Theoretical basis of the community effect in development
1 School of Medical Sciences, Institute of Medical Sciences, University of Aberdeen, Foresterhill, Aberdeen AB25 2ZD, UK
2 LIFL, UMR Université Lille 1/CNRS 8022, Cité Scientifique, Bat M3, 59655 Villeneuve d'Ascq, Cedex France
3 Interdisciplinary Research Institute, CNRS USR3078, Parc de la Haute Borne, 50 avenue Halley, BP70478, 59658 Villeneuve d'Ascq, France
4 Department of Physics, Institute for Complex Systems and Mathematical Biology, SUPA, University of Aberdeen, Old Aberdeen, Aberdeen AB24 3UE, UK
BMC Systems Biology 2011, 5:54 doi:10.1186/1752-0509-5-54Published: 17 April 2011
Genetically identical cells often show significant variation in gene expression profile and behaviour even in the same physiological condition. Notably, embryonic cells destined to the same tissue maintain a uniform transcriptional regulatory state and form a homogeneous cell group. One mechanism to keep the homogeneity within embryonic tissues is the so-called community effect in animal development. The community effect is an interaction among a group of many nearby precursor cells, and is necessary for them to maintain tissue-specific gene expression and differentiate in a coordinated manner. Although it has been shown that the cell-cell communication by a diffusible factor plays a crucial role, it is not immediately obvious why a community effect needs many cells.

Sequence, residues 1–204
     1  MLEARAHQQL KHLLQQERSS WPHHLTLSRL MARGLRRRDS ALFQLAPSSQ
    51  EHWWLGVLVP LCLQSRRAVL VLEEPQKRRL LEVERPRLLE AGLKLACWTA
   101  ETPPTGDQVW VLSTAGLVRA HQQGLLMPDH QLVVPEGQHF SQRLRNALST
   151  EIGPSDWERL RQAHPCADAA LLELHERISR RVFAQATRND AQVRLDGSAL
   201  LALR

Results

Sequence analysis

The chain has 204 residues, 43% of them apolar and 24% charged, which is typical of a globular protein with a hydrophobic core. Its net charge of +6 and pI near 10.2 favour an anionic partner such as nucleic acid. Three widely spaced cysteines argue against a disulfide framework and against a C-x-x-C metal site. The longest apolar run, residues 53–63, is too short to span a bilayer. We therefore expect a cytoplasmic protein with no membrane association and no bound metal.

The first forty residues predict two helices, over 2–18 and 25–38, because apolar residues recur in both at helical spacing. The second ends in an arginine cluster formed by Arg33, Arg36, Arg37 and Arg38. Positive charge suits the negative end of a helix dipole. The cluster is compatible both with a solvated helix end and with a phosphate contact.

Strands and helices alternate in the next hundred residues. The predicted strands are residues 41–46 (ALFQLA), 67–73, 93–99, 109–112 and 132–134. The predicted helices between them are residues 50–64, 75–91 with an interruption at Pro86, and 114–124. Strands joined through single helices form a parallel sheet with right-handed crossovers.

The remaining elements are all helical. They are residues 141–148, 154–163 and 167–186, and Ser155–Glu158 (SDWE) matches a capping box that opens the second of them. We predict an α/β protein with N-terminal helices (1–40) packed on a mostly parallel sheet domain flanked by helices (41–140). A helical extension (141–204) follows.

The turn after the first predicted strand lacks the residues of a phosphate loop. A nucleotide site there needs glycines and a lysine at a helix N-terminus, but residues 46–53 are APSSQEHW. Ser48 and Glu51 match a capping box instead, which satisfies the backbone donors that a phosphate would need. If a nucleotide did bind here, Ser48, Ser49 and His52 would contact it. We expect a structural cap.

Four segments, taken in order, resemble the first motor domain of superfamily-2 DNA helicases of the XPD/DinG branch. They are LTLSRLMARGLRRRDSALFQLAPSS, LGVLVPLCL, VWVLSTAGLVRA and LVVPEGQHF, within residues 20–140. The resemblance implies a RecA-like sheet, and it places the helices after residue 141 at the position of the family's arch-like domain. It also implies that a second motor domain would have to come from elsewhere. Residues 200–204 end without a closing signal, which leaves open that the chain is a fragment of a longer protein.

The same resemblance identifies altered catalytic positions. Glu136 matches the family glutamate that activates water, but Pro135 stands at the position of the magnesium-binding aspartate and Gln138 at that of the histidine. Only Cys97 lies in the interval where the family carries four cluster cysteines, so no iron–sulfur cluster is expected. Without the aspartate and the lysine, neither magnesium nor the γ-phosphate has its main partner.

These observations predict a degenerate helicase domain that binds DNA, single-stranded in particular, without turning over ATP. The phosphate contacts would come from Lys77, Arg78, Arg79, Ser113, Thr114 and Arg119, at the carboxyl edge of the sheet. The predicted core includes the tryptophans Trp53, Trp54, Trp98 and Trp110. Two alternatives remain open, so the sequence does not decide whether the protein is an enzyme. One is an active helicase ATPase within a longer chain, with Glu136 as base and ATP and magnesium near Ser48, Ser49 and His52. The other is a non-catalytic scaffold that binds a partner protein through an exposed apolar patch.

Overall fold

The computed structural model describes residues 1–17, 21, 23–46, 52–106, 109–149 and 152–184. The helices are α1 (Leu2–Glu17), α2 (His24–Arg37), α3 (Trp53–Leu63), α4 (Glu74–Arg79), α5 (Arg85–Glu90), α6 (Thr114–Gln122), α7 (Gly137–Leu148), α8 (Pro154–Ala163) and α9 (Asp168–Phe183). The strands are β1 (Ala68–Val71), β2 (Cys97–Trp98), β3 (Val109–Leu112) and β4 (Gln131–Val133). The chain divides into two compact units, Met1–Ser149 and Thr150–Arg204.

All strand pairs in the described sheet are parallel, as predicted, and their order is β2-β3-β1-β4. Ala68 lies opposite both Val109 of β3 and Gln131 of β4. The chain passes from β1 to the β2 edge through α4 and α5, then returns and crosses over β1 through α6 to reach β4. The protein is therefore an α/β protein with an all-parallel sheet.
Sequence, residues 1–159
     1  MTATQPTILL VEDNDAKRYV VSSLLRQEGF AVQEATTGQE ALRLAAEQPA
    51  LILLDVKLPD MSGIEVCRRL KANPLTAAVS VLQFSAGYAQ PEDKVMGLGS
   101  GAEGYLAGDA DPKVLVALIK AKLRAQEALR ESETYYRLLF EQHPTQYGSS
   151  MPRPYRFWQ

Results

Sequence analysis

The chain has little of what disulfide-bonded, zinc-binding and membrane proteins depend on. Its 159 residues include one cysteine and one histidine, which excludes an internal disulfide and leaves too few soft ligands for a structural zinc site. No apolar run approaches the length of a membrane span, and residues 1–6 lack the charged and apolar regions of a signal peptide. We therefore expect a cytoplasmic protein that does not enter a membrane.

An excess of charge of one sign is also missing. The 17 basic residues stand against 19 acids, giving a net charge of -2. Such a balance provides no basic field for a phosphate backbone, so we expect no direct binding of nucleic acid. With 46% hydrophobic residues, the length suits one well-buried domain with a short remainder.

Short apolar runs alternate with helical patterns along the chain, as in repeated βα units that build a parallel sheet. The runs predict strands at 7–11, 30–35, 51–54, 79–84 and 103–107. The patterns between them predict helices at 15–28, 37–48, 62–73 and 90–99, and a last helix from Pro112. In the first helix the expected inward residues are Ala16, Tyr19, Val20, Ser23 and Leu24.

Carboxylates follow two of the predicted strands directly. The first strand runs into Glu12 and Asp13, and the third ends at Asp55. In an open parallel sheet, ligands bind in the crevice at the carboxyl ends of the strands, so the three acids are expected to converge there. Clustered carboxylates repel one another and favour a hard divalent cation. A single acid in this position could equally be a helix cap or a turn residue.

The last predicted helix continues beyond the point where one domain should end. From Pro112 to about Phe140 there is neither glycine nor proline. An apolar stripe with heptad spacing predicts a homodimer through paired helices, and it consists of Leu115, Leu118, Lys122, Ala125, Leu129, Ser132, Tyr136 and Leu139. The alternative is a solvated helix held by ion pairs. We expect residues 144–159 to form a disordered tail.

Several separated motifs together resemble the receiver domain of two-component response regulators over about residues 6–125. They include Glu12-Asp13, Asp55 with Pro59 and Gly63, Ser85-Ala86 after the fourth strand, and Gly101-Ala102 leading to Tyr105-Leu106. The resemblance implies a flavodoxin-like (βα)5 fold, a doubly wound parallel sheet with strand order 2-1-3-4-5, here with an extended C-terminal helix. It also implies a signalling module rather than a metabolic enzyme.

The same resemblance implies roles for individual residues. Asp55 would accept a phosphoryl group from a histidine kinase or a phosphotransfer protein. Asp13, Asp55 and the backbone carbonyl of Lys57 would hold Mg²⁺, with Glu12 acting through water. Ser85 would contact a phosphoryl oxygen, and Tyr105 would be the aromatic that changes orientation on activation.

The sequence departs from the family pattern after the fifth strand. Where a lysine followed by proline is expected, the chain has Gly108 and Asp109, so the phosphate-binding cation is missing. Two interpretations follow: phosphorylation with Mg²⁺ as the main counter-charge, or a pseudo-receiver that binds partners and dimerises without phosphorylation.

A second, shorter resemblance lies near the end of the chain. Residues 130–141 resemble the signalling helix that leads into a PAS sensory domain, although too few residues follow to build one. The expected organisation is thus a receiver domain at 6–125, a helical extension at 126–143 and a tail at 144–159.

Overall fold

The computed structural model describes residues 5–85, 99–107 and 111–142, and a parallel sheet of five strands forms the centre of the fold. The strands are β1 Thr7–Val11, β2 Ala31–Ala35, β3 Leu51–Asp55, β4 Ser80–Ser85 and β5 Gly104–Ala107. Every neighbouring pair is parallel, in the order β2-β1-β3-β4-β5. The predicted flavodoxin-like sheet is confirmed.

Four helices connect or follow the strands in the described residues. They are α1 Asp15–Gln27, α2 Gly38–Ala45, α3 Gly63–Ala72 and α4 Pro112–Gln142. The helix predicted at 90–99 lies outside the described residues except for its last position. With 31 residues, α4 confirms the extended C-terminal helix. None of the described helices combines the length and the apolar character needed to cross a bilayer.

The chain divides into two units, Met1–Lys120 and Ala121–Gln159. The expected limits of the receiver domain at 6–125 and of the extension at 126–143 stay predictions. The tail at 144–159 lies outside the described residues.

In this work, we propose a model of the community effect in development, which consists in a linear gene cascade and cell-cell communication. We examined the properties of the model theoretically using a combination of stochastic and deterministic modelling methods. We have derived the analytical formula for the threshold size of a cell population that is necessary for a community effect, which is in good agreement with stochastic simulation results.
Our theoretical analysis indicates that a simple model with a linear gene cascade and cell-cell communication is sufficient to reproduce the community effect in development. The model explains why a community needs many cells. It suggests that the community's long-term behaviour is independent of the initial induction level, although the initiation of a community effect requires a sufficient amount of inducing signal. The mechanism of the community effect revealed by our theoretical analysis is analogous to that of quorum sensing in bacteria. The community effect may underlie the size control in animal development and also the genesis of autosomal dominant diseases including tumorigenesis.